Citizens Want Sime Darby Extend Project

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Sime Darby has been operating in Sinjeh District in Bomi County and some parts of Grand Cape Mount County since 2010.

-Promise additional 2,500 hectares

Sime Darby Plantation Liberia (SDPL) continues to attract citizens of its operational counties and beyond as evidenced by appeal from some residents of Goblah Clan in Klay District, Bomi County.

They have therefore called for the extension of the company’s operations into their district. The citizens made the appeal over the weekend when they unanimously agreed to invite the SDPL’s management to observe the area and reason to exten into their district by cultivating more palm trees.

The company has been operating in Sinjeh District in Bomi County and some parts of Grand Cape Mount County since 2010. The development is part of the company’s 63-year concession agreement signed with the Liberian government to cultivate 220 hectares of palm.

Since its establishment in 2009, the Malaysian company has strived to positively impact the lives of Liberians in the region through health, education, infrastructure and other basic social services including safe drinking water.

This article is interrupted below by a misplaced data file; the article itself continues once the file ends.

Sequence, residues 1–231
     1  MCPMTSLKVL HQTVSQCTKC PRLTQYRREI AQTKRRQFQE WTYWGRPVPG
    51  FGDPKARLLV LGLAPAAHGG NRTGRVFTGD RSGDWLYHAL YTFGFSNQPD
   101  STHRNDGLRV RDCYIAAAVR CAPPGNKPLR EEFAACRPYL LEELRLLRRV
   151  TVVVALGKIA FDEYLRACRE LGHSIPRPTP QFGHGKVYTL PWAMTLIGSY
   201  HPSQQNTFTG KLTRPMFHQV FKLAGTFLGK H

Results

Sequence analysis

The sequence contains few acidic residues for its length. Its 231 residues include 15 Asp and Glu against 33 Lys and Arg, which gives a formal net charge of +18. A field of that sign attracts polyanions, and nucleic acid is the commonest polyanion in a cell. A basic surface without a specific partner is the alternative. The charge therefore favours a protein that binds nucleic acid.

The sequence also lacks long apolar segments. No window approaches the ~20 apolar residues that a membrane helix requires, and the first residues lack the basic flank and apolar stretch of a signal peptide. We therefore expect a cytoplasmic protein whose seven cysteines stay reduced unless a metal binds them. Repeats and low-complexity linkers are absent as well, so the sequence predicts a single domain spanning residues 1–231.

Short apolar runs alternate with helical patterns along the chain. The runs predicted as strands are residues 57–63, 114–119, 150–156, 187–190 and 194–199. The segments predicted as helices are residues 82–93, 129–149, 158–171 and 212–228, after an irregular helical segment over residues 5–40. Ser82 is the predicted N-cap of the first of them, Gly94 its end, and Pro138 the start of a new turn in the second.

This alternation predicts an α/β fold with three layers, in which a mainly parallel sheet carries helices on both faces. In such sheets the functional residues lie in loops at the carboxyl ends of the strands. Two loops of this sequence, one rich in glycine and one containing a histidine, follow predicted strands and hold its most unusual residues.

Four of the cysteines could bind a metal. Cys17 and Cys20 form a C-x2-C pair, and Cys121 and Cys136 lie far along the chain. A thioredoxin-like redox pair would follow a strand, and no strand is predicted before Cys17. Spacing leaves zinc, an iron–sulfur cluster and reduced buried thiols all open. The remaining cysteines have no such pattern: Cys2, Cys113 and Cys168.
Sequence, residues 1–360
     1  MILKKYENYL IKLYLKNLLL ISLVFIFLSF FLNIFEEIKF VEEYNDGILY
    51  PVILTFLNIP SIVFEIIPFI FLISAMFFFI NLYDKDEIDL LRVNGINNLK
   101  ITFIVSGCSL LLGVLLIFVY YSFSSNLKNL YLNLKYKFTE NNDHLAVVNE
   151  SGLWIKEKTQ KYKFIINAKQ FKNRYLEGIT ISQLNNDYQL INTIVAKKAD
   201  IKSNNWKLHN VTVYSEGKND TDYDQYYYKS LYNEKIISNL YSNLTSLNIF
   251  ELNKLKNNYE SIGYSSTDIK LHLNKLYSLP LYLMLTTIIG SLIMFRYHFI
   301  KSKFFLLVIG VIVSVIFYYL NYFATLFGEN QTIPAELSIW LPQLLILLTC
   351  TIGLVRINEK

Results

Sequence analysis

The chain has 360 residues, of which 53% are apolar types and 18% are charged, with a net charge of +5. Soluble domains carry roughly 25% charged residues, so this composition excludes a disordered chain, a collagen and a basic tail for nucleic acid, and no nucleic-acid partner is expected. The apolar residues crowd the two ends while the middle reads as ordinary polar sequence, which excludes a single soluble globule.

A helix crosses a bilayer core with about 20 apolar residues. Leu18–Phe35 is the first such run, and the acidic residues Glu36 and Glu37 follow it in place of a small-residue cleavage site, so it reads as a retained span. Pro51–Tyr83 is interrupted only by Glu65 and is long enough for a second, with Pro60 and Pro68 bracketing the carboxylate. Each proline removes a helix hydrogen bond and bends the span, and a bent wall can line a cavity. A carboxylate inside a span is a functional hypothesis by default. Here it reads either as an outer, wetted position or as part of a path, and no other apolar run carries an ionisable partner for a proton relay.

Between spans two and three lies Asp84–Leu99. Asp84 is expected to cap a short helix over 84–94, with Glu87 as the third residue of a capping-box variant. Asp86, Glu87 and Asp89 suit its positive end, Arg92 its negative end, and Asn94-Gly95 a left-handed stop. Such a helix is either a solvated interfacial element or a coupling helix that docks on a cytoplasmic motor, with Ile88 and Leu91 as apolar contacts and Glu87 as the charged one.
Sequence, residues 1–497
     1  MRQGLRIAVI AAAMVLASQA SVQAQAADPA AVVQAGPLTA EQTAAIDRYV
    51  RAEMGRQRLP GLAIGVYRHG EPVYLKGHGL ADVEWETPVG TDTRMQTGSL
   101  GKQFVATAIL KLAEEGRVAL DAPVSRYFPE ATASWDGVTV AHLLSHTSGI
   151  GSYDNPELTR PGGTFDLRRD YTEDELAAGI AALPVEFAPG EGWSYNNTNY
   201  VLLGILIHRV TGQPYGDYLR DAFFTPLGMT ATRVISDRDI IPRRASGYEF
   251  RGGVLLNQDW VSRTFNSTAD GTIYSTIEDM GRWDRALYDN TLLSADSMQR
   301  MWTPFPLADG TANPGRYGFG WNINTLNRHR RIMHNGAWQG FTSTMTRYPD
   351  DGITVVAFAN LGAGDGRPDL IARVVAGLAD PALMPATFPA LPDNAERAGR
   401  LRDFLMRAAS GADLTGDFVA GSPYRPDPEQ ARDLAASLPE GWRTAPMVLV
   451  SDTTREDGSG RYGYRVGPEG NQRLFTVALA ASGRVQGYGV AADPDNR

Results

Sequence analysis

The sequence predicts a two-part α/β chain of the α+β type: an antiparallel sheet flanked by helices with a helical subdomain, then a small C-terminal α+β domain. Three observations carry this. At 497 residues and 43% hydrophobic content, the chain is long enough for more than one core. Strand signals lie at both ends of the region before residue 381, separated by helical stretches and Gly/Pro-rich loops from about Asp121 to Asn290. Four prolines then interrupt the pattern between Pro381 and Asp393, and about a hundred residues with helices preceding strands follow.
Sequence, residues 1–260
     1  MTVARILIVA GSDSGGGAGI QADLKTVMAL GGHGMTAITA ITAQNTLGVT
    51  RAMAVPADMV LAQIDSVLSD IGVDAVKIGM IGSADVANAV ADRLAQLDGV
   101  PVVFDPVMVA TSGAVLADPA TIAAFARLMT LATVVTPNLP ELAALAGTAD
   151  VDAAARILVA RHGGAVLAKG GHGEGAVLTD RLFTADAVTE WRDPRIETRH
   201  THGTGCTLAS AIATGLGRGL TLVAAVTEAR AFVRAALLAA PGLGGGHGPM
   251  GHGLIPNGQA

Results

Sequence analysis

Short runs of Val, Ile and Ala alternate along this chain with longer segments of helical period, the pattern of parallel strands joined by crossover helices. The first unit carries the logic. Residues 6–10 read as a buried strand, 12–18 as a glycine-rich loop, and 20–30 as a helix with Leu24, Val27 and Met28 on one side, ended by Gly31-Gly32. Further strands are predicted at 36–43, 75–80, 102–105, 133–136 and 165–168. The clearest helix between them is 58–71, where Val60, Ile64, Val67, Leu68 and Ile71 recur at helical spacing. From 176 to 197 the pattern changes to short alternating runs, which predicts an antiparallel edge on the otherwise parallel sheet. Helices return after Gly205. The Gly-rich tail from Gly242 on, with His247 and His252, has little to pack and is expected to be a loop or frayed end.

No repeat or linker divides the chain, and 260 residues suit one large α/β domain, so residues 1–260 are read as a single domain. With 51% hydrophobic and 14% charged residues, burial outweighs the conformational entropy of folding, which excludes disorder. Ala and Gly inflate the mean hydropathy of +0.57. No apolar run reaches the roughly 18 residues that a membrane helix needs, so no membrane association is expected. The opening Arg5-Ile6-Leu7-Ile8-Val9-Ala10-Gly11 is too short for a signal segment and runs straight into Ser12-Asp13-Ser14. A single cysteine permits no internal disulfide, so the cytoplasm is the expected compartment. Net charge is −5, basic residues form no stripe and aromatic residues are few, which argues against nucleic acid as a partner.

However, as part of efforts to feel the generosity of the company, Goblah Clan residents over the weekend invited the general manager, Ali Kamal, to dialogue with him for the possible expansion. One of the prominent citizens who spoke on behalf of the residents, said after carefully following the works of the company for the past years, they have realized that the management means well for the people of the region and Liberia in general.

According to Abdullah Navoo, based on consensus, citizens invited the general manager and his team to discuss how they can move into the clan as part of extension program.

Navoo said during their meeting, they discussed the out-grower scheme and the availability of over 2,500 hectares of carbon free land they have agreed to give to the company.

Out-grower scheme is a contractual partnership between growers or landholders and a company for the production of commercial forest products. Out-grower schemes or partnerships vary considerably in the extent to which inputs, costs, risks and benefits are shared between growers/landholders and companies.

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